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Woman with hands to her ears in pain wondering when the ringing in her ears will stop.

When you first notice that ringing in your ears you could have a very typical response: pretend everything’s fine. You go about your regular habits: you do your grocery shopping, you make dinner, you try to have a conversation with your partner. While at the same time you try your hardest to ignore that ringing. Because you feel sure of one fact: your tinnitus will fade away on its own.

After several more days of unrelenting ringing and buzzing, though, you start to have doubts.

This scenario happens to others as well. At times tinnitus stop by itself, and other times it will linger on and that’s the reason why it’s a tricky little condition.

When Tinnitus is Likely to Go Away by Itself

Around the globe, nearly everybody has had a bout of tinnitus because it’s very common. Tinnitus is a non-permanent condition, in most cases, and will ultimately go away on its own. The most prevalent scenario is the rock concert: you go see Bruce Springsteen at your local stadium (it’s a good show) and when you get home, you notice that your ears are ringing.

Within a few days the kind of tinnitus associated with damage from loud noise will normally disappear (and you chalk it up to the cost of seeing your favorite band play live).

Naturally, it’s exactly this type of noise injury that, over time, can cause hearing loss to go from temporary (or acute, as they say) to chronic. Too many of those kinds of concerts and you may wind up with permanent tinnitus.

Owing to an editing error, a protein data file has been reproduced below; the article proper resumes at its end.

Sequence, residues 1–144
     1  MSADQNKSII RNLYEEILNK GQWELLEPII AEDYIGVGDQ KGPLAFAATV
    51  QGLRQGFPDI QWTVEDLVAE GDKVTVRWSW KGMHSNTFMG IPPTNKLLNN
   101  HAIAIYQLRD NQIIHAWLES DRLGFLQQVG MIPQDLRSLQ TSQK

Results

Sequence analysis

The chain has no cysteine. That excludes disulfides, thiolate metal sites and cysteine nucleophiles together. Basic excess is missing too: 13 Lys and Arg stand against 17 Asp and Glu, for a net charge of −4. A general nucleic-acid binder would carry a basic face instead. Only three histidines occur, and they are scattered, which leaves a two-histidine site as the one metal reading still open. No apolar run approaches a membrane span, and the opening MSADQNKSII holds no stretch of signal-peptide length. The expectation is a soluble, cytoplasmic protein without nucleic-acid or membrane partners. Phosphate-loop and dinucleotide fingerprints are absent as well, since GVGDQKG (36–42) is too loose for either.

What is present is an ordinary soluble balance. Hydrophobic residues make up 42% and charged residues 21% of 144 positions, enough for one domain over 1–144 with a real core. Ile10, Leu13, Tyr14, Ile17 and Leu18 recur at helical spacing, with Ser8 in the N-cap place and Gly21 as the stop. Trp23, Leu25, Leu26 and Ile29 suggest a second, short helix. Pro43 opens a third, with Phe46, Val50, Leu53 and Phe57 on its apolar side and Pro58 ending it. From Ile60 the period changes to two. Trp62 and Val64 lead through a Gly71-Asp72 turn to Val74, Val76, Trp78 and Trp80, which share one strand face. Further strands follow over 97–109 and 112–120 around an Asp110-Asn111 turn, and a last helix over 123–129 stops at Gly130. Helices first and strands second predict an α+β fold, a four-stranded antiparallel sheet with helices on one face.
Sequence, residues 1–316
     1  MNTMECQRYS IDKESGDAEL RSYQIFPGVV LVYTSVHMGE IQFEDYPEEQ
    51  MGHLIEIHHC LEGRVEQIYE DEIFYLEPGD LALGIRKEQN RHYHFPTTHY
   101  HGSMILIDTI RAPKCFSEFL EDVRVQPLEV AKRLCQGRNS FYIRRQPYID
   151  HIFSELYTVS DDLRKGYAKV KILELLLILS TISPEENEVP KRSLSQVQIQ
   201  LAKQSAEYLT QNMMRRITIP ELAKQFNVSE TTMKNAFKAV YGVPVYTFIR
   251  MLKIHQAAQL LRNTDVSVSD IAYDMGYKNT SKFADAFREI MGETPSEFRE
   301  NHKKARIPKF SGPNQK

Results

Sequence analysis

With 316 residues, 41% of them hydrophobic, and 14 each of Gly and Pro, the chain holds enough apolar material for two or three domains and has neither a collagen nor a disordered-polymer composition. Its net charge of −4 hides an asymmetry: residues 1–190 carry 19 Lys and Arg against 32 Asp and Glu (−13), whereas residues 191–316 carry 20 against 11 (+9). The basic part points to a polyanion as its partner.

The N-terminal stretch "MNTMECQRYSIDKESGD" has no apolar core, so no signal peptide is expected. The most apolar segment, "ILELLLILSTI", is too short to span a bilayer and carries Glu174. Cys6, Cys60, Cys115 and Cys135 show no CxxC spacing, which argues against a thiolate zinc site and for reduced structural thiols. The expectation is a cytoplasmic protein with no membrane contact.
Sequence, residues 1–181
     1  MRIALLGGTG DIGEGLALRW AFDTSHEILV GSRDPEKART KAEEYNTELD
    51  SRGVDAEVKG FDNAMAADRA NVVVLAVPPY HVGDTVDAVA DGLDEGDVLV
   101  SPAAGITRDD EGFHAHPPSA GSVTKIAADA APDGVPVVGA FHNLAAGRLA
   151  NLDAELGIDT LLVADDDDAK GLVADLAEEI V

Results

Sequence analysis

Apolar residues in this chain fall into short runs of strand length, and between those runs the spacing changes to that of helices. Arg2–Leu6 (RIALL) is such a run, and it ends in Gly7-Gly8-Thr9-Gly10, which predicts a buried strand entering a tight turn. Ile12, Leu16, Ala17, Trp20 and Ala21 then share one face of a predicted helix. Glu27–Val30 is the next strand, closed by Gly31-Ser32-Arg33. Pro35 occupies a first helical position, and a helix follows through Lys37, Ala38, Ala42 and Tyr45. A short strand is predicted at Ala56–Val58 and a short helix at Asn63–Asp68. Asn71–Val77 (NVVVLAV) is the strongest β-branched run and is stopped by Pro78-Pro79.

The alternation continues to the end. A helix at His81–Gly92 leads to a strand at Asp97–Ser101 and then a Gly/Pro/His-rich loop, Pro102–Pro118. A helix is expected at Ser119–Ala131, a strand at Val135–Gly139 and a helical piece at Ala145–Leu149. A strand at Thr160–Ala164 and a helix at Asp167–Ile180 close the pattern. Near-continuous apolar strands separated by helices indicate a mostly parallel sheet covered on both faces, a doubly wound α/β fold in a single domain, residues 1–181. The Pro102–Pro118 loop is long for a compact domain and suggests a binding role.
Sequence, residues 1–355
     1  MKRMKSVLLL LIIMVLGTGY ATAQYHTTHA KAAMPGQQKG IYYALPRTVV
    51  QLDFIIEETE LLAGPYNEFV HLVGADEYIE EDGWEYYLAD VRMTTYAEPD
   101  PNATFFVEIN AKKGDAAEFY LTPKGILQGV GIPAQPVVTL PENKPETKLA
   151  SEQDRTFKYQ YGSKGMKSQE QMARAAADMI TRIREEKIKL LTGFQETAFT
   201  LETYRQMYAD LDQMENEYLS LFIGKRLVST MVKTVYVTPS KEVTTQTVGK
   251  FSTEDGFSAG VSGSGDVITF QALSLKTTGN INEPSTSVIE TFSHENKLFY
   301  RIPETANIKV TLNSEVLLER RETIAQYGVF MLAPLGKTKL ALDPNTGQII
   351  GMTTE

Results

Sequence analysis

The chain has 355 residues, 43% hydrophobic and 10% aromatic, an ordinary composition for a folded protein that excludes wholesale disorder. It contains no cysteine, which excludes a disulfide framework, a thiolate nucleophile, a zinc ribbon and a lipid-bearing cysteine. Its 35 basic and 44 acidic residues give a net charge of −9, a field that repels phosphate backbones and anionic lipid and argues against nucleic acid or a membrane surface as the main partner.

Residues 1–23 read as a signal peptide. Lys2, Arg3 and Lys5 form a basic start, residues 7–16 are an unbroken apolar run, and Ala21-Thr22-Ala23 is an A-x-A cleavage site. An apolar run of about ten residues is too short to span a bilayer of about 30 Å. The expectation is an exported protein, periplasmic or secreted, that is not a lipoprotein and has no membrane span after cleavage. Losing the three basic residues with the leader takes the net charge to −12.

When Tinnitus Doesn’t Seem to be Disappearing on its own

If your tinnitus continues for over three months it’s then identified as chronic tinnitus (but you should have it examined by a specialist long before that).

Around 5-15% of people globally have documented indications of chronic tinnitus. While there are some known close associations (like hearing loss, for example), the causes of tinnitus aren’t yet very well comprehended.

When the causes of your tinnitus aren’t clear, it often means that a quick “cure” will be evasive. If your ears have been ringing for over three months and there’s no identifiable cause, there’s a good possibility that the sound will not recede by itself. But if this is your circumstance, you can maintain your quality of life and manage your symptoms with some treatment possibilities (like noise canceling devices and cognitive behavioral therapy).

It’s Significant to Know What The Cause of Your Tinnitus is

It becomes much simpler to reduce the symptoms of tinnitus when you can identify the root causes. If a bacterial ear infection is, for instance, the reason for your tinnitus, you can revive a healthy ear and clear hearing by managing it with antibiotics.

Here are some potential causes of acute tinnitus:

  • Damage to the eardrum (such as a perforated eardrum)
  • A blockage in the ear or ear canal
  • Chronic ear infections
  • Meniere’s disease (this usually has no cure and is often associated with chronic tinnitus)
  • Loss of hearing (again, this is often associated with chronic tinnitus)

So…Will The Buzzing in My Ears Subside?

The bottom line is that in almost all cases, yes, your tinnitus will recede by itself. But the longer it lingers, the longer you hear reverberations or humming or whatever the sound happens to be, the more likely it becomes that you’re experiencing chronic tinnitus.

You can convince yourself there’s nothing wrong and hope that the buzzing will just stop. But eventually, your tinnitus might become distressing and it might become tough to concentrate on anything else. And in those cases, you might want a treatment plan more thorough than crossing your fingers.

Most of the time tinnitus is simply the body’s reaction to loud noise that could be damaging over time and will recede on its own. Whether that’s acute or chronic tinnitus, well, we’ll only know over time.

 

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